’Tis the season for houseguests, and no one — neither homeowners nor the guests themselves — will want the experience of “the visit” to be anything less than memorable in a GOOD way. So we thought we would offer up some time-tested suggestions those on the hosting as well as those on the receiving ends might consider.
Opening your home to guests…
Without getting too Miss Manners on you, if you are the host, it’s good for you to think about how you might want to be treated when you visit someone else. Things like having a spare key made, being greeted by clean sheets (already applied to the guest bed instead of hauling them out at midnight and making up the bed in front of your bleary-eyed travelers) is always a good idea. And if your guest bed is an air mattress, it’s also prudent to make sure it tests out and isn’t losing air. Extra pillows and blankets are also thoughtful, since most people like more than one pillow each and their sleeping body temperatures may differ from your own.
If your guests have access to a closet and/or a dresser, why not make space in them by at least temporarily moving out items and storing them somewhere else for a few days during their visit — even if it’s your kid’s bedroom they are occupying? Add a few hangers, and you’ve made a welcoming hotel-like experience for them, enabling them to empty their bags and feel at home for a while.
Toiletries such as shampoo, conditioner, body lotion, soap, Q-Tips, and toothpaste in a small basket you can whip out each time someone visits is a great way to welcome guests to the bathroom they may be using. Offering your guests a different-looking set of spare towels they won’t be sharing with the rest of the family is considerate as well.
Guests don’t always rise the same time you do, even though the ideal is to be up before they are. For that reason, some handy breakfast items may be in order especially if you made that “mi casa es su casa” statement when they arrived. Orange juice, fruit, granola, muffins, bread, butter and jelly for toast — all are appreciated by those earlier risers.
And if you will be working or away part or much of the time your guests are visiting, take the time to leave important phone numbers and write down household instructions about how things work — the security system, the remote for the TV or sound systems, and especially instructions for the Nespresso machine.
Being a great guest also take some thought …
Togetherness has its limits, and if you’re the guest, you don’t want to push them. First of all, don’t expect your hosts to drop everything because of your visit. After all, you may be on vacation, but your host may not be, so expecting a daily tour guide may not be the most thoughtful way to treat them. Especially if your hosts will be working, dropping off kids at school, etc., be mindful that they may need some downtime. Self-sufficient houseguests know which sights they want to see, have done their research on which restaurants they want to try and aren’t afraid to Uber it. In other words, they take responsibility for their own vacation, especially if hosts are busy. This may be despite their hosts’ wish to show you around but simply not possessing the bandwidth to do so.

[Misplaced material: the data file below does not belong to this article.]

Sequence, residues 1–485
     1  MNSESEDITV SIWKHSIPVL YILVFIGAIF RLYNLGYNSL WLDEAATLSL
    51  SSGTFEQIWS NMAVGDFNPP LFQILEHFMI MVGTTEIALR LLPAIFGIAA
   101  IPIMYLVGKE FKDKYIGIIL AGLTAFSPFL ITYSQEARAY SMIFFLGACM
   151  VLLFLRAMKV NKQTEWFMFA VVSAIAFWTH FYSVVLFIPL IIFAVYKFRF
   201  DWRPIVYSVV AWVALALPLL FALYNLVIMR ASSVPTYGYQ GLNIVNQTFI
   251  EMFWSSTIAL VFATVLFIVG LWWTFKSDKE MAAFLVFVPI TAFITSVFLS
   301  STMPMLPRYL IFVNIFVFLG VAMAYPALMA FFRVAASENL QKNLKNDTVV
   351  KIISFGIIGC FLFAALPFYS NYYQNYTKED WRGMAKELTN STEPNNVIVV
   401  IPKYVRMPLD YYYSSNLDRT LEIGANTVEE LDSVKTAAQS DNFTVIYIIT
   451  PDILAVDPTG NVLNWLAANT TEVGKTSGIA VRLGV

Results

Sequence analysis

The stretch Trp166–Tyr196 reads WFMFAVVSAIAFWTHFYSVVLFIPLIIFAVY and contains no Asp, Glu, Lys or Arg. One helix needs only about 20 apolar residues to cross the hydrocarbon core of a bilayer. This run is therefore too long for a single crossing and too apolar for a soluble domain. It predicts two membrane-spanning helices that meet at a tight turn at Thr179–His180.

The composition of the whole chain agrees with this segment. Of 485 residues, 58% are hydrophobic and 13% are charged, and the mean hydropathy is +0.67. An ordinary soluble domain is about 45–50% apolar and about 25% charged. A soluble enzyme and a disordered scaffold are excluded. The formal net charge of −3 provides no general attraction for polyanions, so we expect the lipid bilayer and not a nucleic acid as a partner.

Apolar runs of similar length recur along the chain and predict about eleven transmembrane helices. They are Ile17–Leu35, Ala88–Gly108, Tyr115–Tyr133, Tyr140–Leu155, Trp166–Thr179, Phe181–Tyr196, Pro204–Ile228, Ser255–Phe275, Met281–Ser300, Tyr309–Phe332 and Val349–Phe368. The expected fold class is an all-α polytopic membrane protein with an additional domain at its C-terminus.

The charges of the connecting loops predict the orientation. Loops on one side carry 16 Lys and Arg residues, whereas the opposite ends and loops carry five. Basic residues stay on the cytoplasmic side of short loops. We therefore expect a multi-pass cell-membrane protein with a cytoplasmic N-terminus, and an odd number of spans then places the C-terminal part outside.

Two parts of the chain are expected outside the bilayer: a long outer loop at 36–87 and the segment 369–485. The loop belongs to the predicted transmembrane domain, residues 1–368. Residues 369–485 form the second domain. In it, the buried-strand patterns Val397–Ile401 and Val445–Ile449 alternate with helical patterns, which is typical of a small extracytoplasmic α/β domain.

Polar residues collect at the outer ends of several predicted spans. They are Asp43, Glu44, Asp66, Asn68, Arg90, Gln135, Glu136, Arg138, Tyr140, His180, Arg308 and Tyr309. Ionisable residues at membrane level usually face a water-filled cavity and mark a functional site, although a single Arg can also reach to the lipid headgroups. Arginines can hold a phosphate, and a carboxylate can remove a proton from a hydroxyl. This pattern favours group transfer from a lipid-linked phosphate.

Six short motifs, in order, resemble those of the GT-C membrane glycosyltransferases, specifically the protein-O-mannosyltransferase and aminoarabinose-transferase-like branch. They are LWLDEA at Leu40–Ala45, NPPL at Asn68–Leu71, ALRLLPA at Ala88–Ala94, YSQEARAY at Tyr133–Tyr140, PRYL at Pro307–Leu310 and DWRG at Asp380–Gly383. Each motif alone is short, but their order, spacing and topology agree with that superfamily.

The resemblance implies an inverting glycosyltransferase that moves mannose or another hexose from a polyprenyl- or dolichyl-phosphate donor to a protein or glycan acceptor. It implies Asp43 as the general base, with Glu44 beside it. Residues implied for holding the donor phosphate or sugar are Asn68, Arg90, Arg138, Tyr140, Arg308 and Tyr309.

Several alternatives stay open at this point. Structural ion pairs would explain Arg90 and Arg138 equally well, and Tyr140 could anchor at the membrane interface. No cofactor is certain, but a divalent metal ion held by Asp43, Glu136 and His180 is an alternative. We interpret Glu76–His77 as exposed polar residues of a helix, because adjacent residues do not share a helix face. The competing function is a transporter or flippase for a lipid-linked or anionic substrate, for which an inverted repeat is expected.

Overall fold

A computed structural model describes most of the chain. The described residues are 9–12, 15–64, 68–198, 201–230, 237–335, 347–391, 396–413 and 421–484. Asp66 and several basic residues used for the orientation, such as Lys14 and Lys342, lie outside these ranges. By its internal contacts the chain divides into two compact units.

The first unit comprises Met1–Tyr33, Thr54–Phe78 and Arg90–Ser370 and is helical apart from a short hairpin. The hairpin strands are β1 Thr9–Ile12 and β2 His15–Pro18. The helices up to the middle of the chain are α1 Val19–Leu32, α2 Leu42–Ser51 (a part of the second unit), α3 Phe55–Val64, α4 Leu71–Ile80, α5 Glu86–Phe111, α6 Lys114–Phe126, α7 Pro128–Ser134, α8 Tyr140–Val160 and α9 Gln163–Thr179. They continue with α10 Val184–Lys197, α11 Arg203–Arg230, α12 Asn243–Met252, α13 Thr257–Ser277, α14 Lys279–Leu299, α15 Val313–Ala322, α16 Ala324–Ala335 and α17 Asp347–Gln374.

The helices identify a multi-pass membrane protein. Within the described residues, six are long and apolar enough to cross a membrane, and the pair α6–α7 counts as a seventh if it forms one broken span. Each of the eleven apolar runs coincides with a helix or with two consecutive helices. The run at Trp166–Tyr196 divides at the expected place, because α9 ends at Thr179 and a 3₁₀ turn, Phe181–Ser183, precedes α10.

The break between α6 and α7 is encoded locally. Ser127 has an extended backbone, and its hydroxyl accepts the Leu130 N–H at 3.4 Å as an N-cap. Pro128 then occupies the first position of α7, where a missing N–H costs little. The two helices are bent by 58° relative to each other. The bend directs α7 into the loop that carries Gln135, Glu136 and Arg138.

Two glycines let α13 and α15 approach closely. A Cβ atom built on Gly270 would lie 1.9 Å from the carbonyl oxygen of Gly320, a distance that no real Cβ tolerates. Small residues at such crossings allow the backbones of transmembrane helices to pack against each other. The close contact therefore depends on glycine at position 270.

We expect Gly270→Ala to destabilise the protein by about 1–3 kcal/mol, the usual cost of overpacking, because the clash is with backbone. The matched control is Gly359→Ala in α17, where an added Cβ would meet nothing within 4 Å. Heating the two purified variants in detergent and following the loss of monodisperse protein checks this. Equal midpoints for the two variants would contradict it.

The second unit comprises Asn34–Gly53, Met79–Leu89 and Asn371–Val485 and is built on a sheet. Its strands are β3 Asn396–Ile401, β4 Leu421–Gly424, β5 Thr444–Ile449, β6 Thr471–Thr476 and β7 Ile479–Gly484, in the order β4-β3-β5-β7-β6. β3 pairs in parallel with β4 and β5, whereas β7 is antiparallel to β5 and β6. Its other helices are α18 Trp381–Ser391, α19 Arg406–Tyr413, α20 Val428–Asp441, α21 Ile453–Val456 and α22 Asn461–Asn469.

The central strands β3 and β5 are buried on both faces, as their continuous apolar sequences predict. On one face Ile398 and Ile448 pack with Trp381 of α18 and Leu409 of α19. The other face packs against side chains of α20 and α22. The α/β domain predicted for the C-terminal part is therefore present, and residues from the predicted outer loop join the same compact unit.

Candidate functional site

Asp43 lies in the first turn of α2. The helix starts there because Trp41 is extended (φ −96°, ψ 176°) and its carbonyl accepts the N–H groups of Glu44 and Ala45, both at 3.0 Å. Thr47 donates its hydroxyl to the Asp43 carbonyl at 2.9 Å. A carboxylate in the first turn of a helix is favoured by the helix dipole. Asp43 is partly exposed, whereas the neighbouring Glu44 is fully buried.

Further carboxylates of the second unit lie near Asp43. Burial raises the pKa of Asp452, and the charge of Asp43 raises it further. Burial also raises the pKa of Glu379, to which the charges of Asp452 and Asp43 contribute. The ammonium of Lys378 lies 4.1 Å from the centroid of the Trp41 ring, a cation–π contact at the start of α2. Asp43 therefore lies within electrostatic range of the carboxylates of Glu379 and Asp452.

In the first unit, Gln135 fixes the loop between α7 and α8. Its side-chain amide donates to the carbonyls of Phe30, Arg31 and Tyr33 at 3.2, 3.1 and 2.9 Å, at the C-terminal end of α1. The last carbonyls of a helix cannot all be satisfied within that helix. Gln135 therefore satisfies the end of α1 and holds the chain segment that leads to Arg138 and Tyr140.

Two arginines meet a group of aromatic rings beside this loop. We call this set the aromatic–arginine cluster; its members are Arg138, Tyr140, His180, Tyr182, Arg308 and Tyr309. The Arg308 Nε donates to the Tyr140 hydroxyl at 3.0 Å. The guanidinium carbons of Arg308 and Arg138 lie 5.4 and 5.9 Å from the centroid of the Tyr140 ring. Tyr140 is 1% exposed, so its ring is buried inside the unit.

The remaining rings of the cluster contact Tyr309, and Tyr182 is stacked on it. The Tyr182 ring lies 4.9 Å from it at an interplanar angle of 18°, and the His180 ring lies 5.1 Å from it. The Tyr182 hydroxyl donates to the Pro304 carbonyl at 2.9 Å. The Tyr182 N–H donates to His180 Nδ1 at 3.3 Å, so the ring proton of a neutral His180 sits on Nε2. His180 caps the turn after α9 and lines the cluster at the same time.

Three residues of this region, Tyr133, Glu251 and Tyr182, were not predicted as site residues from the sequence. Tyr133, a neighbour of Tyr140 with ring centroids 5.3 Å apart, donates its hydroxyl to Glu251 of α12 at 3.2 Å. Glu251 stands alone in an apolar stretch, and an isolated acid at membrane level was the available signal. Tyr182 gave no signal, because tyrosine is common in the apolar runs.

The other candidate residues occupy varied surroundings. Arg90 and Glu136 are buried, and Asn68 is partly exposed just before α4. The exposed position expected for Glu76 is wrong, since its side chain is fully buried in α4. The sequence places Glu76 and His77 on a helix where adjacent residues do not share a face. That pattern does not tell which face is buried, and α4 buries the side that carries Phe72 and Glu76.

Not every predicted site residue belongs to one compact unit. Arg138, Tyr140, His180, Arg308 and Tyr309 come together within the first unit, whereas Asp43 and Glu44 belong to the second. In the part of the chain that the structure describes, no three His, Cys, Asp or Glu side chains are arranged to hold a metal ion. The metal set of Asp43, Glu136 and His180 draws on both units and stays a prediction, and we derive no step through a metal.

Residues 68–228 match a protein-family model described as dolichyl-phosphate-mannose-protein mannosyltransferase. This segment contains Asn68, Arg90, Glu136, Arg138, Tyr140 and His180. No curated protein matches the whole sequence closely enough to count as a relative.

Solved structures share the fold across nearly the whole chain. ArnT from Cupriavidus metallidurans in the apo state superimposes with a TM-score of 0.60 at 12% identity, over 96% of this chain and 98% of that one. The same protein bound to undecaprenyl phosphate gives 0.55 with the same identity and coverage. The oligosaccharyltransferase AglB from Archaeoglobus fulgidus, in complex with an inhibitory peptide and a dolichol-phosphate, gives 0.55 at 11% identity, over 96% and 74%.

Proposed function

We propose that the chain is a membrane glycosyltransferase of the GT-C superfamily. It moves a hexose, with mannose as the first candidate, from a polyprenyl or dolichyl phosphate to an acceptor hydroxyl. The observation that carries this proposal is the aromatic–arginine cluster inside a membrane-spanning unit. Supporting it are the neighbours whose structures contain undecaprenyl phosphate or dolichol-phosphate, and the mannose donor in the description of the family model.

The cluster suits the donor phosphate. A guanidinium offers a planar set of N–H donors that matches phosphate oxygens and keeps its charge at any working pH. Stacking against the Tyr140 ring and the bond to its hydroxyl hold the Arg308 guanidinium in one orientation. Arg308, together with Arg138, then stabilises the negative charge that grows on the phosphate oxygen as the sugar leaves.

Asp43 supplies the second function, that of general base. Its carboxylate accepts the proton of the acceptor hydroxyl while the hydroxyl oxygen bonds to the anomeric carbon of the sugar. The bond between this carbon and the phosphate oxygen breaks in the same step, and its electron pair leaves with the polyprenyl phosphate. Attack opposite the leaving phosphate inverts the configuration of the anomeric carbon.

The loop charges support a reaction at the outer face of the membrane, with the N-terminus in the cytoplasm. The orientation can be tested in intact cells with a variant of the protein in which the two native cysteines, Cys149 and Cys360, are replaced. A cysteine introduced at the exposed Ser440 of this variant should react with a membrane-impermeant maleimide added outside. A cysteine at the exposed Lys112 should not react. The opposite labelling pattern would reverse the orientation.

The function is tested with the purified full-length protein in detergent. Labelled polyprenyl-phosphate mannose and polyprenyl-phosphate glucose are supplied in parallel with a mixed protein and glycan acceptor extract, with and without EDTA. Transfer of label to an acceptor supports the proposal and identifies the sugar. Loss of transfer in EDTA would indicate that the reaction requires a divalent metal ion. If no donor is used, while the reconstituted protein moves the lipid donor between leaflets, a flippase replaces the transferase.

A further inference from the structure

Are you aware that host(ess) gifts never went out of style? Chances are good that your hosts went out of their way to prepare for your arrival by cleaning the house, laundering extra sheets, and buying the granola you like for breakfast. The least you can do is show up with a bottle of wine or a scented candle. Even if your intent is to take them out for a meal sometime during your visit to show your appreciation, you shouldn’t show up empty-handed.
It’s not terribly thoughtful to make demands regarding your personal dietary restrictions, either. Your diet is your business, so if you aren’t prepared to eat what’s served, ask where the nearest supermarket is and go pick up the things that you will eat, assuring them it has nothing to do with how delicious or delightful their food is.
Other good manners include never assuming your host will clean up after you. Make your own bed, wash out your own coffee cup, and offer to help with meal prep. Your hosts may politely push you aside using humor, but it’s never a bad idea to offer. Being the most gracious guest possible also means never opening drawers and helping yourself to food unless otherwise instructed, using your host’s phone or computer or big screen TV without asking, or borrowing the host’s car and returning it on empty.
Common sense and the “golden rule” are key to making your visit a happy one. Most of all, don’t push your expiration date. Just because you’re having such a good time doesn’t mean they want you there longer than originally agreed. Good manners on their part may make you think it’s no big deal, but most of the time, it is.Source: Real Simple, Huffington Post, TBWS
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